hits the plastic?’ We will try to find it along these 9 miles in August, and extract these artificial sounds.” The recordings will be used to create a multichannel soundscape that will “create the presence of the Blue River without it being visible” and serve, together with the landscape of dredge rock, as a space for contemplation—not only about the mining activities that made the river disappear in the first place, but about “the Blue River as it is now.” ‘Rocks’ by Gretchen Marie Schaefer Presented together as part of the “Blue River” installation will be a study of natural objects and the meanings we imbue in them by Denver artist Gretchen Marie Schaefer. Much of her work involves displays of objects

what we have been doing to humanity.”

ranging from bone, shell, and wood to synthetic

His third installation, “Blue River,” will consist of

shape, color, texture, and other formal elements.

many tons of dredge rock transported to the

“Often they are placed in a line, almost creating

upstairs space at Gallery@OMH, accompanied

a visual horizon directly on the wall,” said

by a soundscape created with Italian sound

Schaefer, who directs the Rocky Mountain

artist Nicola Di Croce. The idea came to Licari

College of Art and Design’s Visiting Artist,

during a visit to Breckenridge last August. “I

Scholar, and Designer program. “They almost

am very much fascinated with mining activities,”

become beats in a score of music or words in a

he said. “Even though I knew Breckenridge was

sentence in the way they relate to each other

created by the Gold Rush, I didn’t know the

but altogether create a larger whole.”

materials like string and paint, organized by

Shaefer reuses objects again and again,

where they are floating—[it’s about] looking at



this differently. How can we change the physical

configurations. “Anytime you move objects

properties of a thing that seems unchangeable?

closer to each other, or further, or change the

If I can make rocks float, maybe I can break

orientation, it changes the work; it changes the

down the patriarchy. We can change things in

meaning,” she said. “I really value the energy in

our landscape,” she concluded. “Maybe it’s all

an object; they have a lot of things to say. It’s

about changing how we view them.”






fun to see how putting these objects next to each other—there becomes this beautiful, poetic conversation.”

BIFA 2019 “Like many of the works we have presented at

Rocks have become a focal point for her recently, and she has created several bodies of work studying them, including a series of papier-mâché rocks she plans to exhibit in Breckenridge. “Rocks are simultaneously as unique as fingerprints, and as ubiquitous as sand,” she said. “No rock is the same as any other. They make up our entire earth. When they are removed from their context—which is a very common thing to do; you pick up a stone or collect a rock—it becomes sort of abstracted. It now becomes this really interesting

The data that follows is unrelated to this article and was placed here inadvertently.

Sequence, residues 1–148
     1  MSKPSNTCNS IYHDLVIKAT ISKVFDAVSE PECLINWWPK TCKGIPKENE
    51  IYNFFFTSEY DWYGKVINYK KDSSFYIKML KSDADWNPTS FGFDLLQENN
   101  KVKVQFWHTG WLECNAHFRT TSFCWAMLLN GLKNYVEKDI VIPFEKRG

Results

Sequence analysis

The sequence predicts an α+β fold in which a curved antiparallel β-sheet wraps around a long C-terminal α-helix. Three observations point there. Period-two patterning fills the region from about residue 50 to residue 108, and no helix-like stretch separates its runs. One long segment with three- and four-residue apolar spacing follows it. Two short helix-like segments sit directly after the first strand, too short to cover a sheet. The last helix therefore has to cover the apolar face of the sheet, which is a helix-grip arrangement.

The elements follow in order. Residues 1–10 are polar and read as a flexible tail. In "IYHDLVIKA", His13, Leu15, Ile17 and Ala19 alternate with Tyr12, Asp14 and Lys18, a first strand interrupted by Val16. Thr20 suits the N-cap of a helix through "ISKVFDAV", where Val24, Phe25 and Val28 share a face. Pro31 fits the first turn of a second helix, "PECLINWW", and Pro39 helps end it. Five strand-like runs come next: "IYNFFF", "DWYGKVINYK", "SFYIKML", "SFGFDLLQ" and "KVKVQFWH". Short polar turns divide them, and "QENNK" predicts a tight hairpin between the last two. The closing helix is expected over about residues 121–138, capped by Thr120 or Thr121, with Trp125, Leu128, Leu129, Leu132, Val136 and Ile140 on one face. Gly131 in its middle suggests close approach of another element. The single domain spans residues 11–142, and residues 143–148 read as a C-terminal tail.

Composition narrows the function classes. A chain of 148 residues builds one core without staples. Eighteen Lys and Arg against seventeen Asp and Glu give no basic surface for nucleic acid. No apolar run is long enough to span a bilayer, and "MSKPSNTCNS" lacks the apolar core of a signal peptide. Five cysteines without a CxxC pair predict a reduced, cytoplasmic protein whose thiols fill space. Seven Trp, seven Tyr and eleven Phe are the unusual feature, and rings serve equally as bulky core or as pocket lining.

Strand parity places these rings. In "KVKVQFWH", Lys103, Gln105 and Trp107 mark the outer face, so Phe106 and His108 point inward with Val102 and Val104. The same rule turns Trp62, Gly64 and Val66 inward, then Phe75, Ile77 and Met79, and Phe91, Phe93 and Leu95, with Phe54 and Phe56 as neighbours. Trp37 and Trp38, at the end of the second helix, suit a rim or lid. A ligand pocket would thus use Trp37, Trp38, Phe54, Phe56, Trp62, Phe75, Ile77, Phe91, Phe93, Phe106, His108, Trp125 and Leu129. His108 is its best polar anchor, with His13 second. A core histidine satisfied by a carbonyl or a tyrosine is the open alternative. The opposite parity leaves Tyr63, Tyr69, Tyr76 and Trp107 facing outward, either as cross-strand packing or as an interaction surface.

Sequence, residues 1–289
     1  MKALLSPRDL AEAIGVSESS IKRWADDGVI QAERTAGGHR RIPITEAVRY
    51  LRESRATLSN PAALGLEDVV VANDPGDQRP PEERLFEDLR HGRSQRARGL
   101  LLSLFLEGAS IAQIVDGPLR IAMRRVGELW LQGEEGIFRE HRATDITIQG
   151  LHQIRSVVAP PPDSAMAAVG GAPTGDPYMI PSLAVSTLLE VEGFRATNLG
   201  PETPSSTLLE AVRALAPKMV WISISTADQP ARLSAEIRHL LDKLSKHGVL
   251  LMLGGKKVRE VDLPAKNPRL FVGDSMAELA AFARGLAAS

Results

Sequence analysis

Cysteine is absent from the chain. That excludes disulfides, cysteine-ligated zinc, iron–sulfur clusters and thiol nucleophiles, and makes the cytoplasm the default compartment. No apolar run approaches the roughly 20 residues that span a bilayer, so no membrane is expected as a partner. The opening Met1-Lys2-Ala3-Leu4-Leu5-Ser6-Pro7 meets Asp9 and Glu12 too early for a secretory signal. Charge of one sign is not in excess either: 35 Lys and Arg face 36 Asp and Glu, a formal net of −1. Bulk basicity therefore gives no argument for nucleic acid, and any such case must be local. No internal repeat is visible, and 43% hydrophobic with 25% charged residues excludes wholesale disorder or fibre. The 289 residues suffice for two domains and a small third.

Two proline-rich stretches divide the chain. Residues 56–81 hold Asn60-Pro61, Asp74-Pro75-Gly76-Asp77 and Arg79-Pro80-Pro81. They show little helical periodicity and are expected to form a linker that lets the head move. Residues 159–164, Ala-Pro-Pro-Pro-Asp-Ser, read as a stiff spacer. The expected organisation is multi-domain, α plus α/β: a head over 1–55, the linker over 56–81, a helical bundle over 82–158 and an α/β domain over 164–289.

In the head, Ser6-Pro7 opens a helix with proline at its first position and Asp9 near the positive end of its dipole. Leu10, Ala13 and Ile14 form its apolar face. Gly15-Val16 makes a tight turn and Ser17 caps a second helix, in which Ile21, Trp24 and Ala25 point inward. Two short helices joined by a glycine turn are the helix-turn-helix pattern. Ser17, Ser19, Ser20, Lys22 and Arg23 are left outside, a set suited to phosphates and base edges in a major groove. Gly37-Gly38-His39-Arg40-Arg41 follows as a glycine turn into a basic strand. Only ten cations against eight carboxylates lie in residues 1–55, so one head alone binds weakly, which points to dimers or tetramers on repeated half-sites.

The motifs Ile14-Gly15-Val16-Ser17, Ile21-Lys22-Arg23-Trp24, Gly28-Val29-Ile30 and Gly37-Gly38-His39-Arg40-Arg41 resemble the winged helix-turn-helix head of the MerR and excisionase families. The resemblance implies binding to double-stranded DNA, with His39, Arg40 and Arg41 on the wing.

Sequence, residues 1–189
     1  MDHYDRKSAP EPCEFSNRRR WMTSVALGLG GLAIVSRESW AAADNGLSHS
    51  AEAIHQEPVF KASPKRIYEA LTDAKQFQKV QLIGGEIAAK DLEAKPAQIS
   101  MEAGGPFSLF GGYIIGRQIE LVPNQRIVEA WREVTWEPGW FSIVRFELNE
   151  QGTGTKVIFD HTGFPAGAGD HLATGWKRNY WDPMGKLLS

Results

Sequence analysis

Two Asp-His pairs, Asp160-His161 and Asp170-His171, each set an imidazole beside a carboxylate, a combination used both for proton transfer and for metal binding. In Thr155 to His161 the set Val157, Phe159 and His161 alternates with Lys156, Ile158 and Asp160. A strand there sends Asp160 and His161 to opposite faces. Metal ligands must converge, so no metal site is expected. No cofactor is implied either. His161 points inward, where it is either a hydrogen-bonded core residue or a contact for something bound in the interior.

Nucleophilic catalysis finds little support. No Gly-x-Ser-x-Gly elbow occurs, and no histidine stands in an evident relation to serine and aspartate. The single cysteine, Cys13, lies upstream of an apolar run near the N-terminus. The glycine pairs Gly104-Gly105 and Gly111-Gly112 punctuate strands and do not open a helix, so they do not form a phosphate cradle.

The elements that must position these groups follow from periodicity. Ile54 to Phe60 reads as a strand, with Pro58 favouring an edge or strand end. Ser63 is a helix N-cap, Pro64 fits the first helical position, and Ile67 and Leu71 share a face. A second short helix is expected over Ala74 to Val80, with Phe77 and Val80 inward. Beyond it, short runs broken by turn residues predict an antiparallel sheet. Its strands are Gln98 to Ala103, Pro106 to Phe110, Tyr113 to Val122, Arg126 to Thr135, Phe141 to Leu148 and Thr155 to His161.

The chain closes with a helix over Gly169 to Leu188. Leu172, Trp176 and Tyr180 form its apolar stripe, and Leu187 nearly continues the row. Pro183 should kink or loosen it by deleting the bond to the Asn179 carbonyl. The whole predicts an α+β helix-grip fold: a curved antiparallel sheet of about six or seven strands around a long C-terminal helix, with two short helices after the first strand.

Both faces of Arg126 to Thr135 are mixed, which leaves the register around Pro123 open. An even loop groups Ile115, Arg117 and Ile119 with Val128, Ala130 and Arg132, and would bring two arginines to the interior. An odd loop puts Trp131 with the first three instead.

the Breckenridge International Festival of Arts in the past, our ecological series can be appreciated on a purely aesthetic level, because it will transform the landscape with the kinds of aweinspiring spectacles our 10-day summer festival is known for,” said Robb Woulfe, the festival’s creator. “However, for those who wish to dig deeper, these works will also provide a jumpingoff point for contemplations—and ecological action—concerning our role in nature.” Other feats and wonders to grace the 2019 BIFA

precious object.”

festival include “vertical dance” performances

Schaefer is also fascinated by the way rocks

dancers who use rock-climbing technology; a

are at once “stable and solid and strong” as

reinstallation of the newly imagined “Isak

they are constantly and invisibly changing.

Heartstone” troll sculpture in a new location;

“Lately I’ve been thinking how that’s an

Riverwalk Center concerts including DeVotchKa



(ticketed) and Paul D. Miller a.k.a. DJ Spooky

social, patriarchal—it feels insurmountable,

(free); and a slate of outdoor performances for

always,” she said. “By making rocks out of light

Trail Mix, including the return of the Chirp!

material like paper, delicately balanced on a

sound art installation, and Tree-o, featuring

glass rod, or positioning them in a drawing

musicians high in the trees.


by BANDALOOP, a company of world-renowned


Green Patriot Posters // Sayler/Morris // // Guiseppe Licari // Gretchen Marie Schaefer // Breckenridge International Festival of Arts //







Anne Murphy

Open Space and Trails Manager, Town of Breckenridge Background Home: Wellington neighborhood, Breckenridge Family: Dog, Lucy Education: Alma College, Bachelor of Arts in biology and Bachelor of Music in piano performance; Cleveland State, graduate certificate in GIS; Duke, certificate in nonprofit management; CU Denver, Master’s in executive public administration, May 2018 Why Breckenridge? The mountains were calling! Art Medium: Piano, photography, and silversmithing Latest project: Watermelon tourmaline ring set in sterling silver Favorite creative space: Anywhere above tree line where the distance is limitless Source of inspiration: The land is my inspiration and lifeblood Creativity is: Like air for breathing, a necessary component of my wellbeing